The Cost and Benefits of Attending an All Women's College

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An all women’s college may not be at the top of your dream school list. But after considering the quality of education, the alumnae network, and the many other benefits of attending an all women’s college, and you just might change your mind. Read on to learn the costs and benefits of attending an all women’s college.

First, Some Background

The first all women’s college was founded in 1772 by an early Protestant denomination, the Moravians. What started out as a school for girls eventually transformed into Salem College.

In the following decades, women's’ colleges became more prevalent, due in part to social shifts sparked by major events like the Civil War, the Industrial Revolution, and an increased focus on women’s rights.

Today, the Seven Sisters – Barnard College, Bryn Mawr College, Mount Holyoke College, Smith College, and Wellesley College, along with Vassar College, (which now admits men), and Radcliffe College, (now a part of Harvard College) – are considered some of the best colleges in the U.S.

And while dating (for heterosexual women, anyway) may be a bit more difficult at all women’s colleges, the representation and inclusion of women in all fields, the quality of education, and the alumnae network are some major pluses.

The Top Women’s Colleges in the U.S.

While the lists vary, top all women’s colleges in the U.S. include Wellesley College, Smith College, Bryn Mawr College, Barnard College, and Mount Holyoke College.

Wellesley College, located in Wellesley, Ma., boasts high-profile alumnae like Hillary Clinton and Madeleine Albright. Students also have the option to coregister at other distinguished schools like Dartmouth and MIT. Wellesley costs $46,836/year, has an acceptance rate of 29 percent, and a student body of 2,368.

Located in Northampton, Ma., Smith College is the largest member of the Seven Sisters. It offers more than 100 student organizations, but no dorms of Greek life. Smith costs $46,288/ year, has an acceptance rate of 43 percent, and has a student body of 2,503.

Bryn Mawr College is located just outside of Philadelphia, Pa. It’s known for its Balch Seminars, intensive reading and writing discussions for first-year students only. Notable alumnae include Katharine Hepburn and Nettie Stevens. Bryan Mawr costs $47,140/year, has an acceptance rate of 40 percent, and a student body size of 1,309.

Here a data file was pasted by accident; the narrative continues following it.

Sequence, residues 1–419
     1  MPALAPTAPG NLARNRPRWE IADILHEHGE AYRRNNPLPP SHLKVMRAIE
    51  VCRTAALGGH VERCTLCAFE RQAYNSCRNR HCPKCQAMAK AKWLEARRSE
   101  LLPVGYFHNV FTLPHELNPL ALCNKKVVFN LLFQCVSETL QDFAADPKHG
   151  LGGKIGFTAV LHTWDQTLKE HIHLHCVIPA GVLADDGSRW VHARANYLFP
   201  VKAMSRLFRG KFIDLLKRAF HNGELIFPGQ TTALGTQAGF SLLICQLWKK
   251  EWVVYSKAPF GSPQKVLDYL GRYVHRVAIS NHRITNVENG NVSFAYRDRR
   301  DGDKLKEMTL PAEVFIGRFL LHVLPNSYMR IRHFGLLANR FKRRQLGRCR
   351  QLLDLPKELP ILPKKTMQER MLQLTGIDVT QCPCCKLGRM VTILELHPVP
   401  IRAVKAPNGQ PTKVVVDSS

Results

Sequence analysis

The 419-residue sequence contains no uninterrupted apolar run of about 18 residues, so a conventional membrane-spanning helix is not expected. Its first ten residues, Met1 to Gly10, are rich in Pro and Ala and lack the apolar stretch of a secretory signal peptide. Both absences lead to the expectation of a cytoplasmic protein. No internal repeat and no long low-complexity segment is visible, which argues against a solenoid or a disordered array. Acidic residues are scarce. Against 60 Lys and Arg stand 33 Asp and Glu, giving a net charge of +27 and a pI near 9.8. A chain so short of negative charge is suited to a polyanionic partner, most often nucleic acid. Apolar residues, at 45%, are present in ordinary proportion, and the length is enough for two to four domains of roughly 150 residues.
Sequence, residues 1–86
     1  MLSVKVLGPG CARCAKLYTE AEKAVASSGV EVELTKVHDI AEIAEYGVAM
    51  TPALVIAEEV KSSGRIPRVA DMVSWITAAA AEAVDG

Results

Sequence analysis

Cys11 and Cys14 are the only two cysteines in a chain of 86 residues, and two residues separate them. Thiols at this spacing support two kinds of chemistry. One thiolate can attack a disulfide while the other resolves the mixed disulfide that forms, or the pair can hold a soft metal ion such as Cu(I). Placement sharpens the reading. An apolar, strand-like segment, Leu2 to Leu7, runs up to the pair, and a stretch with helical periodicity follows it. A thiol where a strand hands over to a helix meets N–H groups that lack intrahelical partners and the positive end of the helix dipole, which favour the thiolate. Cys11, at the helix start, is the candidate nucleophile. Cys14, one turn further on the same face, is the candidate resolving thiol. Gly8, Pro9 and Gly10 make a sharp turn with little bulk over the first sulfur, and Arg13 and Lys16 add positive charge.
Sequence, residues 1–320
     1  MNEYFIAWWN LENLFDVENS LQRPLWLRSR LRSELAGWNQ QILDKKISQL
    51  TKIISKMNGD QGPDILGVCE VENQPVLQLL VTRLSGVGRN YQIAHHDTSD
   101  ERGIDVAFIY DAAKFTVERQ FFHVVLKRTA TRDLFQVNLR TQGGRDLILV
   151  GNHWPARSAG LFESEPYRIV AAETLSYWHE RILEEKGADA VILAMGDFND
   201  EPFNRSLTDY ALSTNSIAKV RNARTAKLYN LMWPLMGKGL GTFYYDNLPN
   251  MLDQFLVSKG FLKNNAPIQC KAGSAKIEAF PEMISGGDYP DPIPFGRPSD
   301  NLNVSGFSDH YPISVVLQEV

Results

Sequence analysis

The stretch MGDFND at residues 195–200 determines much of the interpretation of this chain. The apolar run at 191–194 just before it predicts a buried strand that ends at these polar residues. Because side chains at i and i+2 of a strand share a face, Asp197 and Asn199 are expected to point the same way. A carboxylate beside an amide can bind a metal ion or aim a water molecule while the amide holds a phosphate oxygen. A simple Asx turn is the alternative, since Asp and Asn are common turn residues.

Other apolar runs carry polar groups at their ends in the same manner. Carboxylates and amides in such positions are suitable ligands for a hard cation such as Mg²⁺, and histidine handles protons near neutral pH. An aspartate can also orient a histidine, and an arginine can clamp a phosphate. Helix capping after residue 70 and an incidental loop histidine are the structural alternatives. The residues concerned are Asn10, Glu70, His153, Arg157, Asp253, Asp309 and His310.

Barnard College calls New York City home and has a focus on gender issues and real-life resourcefulness. Students also have the opportunity to take part in exchange programs with Columbia University and The Juilliard School. Barnard College costs $47,631/year, has a student body of 2,466, and an acceptance rate of 23 percent.

Mount Holyoke College is located in South Hadley, Ma. and was the first of the Seven Sisters. The college is diverse, offering courses on many global issues and topics. Mount Holyoke costs $43,886/year, has a student body of 2,290, and an acceptance rate of 47 percent.

How Do They Compare Financially?

It’s no secret that college costs are on the rise. In fact, the cost of attending a four-year, private college has risen 129 percent since 1988, and the average 2017 college graduate left school with nearly $40,000 in student loan debt.

Today, the average cost of a four-year, private liberal arts college in the U.S. is around $26,000/year. So with their nearly-$50,000/year price tags, the top women’s colleges in the country are definitely more expensive than your average college education.

While this can create a bit of sticker shock, there are some affordable all women’s colleges to consider.

Ways to Save

Regardless of what avenue you decide to pursue for your college education, some financial planning is in order. While it’s always a plus if your parents or guardians took advantage of a college savings tool like a 529 savings plan for you, that isn’t always the case.

You can help offset the rising costs of college by working during the summer to save money for next year’s tuition, living off-campus to save money, or getting an on-campus job during the school year to help pay for living expenses.

During the college application process, it’s also wise to apply for scholarships and grant programs that can help take a chunk out of your tuition bill. There are many different types of scholarships available for incoming college freshman.

Do your research and apply for those that seem like a good fit for you. Remember, you have nothing to lose by applying, and it could end up helping you financially in the long run. Financial aid can also help close the gap.